Hypersensitivity reactions: There have been reports in the postmarketing experience of hypersensitivity reactions in patients shortly after initiation of treatment with pregabalin. Adverse reactions included skin redness, blisters, hives, rash, dyspnea and wheezing. Discontinue pregabalin immediately in patients with these symptoms.
Withdrawal of antiepileptic medicinal products (AEDs): As with all AEDs, withdraw pregabalin gradually to minimize the potential of increased seizure frequency in patients with seizure disorders. If pregabalin is discontinued, taper the medicinal product gradually over a minimum of 1 week.
Suicidal behaviour and ideation: AEDs, including pregabalin, increase the risk of suicidal thoughts or behaviour in patients taking these medicinal products for any indication. Monitor patients treated with and AED for any indication for the emergence or worsening of depression, suicidal thoughts or behaviour, and/or unusual changes in mood or behaviour.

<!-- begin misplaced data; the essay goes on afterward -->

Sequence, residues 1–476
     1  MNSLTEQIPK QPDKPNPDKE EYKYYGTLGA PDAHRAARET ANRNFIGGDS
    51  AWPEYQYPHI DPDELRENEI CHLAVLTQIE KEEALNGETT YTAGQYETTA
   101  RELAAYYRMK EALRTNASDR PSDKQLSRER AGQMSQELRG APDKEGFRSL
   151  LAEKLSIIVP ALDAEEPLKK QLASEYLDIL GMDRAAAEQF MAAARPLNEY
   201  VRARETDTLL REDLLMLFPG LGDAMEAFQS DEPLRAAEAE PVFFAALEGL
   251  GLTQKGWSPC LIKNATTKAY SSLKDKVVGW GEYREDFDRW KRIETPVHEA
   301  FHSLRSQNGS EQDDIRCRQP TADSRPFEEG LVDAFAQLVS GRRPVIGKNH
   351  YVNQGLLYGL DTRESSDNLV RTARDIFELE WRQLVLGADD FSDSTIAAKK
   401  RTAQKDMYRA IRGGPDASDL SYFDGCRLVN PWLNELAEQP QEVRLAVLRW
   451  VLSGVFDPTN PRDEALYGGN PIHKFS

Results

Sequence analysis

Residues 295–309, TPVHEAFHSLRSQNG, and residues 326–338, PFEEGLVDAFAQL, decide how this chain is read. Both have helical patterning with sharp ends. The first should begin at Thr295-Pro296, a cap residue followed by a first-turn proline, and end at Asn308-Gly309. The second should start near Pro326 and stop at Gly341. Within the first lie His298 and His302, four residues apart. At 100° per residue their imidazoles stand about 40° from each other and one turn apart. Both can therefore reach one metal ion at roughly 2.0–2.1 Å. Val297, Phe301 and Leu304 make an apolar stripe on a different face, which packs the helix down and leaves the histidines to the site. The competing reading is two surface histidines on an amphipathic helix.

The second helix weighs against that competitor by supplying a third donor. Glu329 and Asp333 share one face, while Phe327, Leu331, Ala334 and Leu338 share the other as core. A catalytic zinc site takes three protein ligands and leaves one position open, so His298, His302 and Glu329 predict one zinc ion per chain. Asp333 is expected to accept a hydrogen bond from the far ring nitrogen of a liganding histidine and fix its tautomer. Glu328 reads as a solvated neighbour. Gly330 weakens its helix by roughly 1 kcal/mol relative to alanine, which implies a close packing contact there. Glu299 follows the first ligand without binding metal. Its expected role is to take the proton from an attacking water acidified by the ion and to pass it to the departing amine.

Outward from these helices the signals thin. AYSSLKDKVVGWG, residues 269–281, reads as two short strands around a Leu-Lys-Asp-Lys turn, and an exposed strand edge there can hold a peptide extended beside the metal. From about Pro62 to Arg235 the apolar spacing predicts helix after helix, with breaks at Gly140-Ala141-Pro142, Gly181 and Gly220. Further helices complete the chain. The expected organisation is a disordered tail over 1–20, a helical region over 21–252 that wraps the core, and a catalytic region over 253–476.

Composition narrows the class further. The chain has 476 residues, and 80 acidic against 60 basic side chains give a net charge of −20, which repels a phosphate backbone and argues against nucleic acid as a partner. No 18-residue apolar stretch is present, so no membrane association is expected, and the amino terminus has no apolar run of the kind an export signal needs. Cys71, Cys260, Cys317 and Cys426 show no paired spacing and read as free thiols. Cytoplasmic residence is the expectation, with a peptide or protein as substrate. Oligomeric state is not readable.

The increased risk of suicidal thoughts or behaviour with AEDs was observed as early as one week after starting treatment with AEDs and persisted for the duration of the treatment assessed (risk of suicidal thoughts or behaviour was not assessed beyond 24 weeks of treatment).
The finding of increased risk with AEDs of varying mechanisms of action and across a range of indications suggests that the risk applies to all AEDs used for any indication. The risk did not vary substantially by age (5-100 years).
Anyone considering prescribing pregabalin or any other AED must balance the risk of suicidal thoughts or behaviour with the risk of untreated illness. Epilepsy and many other illnesses for which AEDs are prescribed are themselves associated with morbidity and mortality and an increased risk of suicidal thoughts and behaviour. Should suicidal thoughts and behaviour emerge during treatment, the prescriber needs to consider whether the emergence of these symptoms in any given patients may be related to the illness being treated.
Inform patients, their caregivers and families that pregabalin and other AEDs increase the risk of suicidal thoughts and behaviour and advise them of the need to be alert for the emergence or worsening of the signs and symptoms of depression, any unusual changes in mood or behaviour or the emergence of suicidal thoughts, behaviour or thoughts about self-harm. Report behaviours of concern immediately to the healthcare providers.